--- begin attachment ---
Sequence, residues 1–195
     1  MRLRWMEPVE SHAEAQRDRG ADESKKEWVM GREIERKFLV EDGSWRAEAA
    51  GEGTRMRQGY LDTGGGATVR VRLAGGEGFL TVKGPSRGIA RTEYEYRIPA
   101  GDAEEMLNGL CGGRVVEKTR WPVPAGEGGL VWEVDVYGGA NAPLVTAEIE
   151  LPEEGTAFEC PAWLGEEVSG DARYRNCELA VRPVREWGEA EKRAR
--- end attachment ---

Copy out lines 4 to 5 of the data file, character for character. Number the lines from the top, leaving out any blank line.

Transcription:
   101  GDAEEMLNGL CGGRVVEKTR WPVPAGEGGL VWEVDVYGGA NAPLVTAEIE
   151  LPEEGTAFEC PAWLGEEVSG DARYRNCELA VRPVREWGEA EKRAR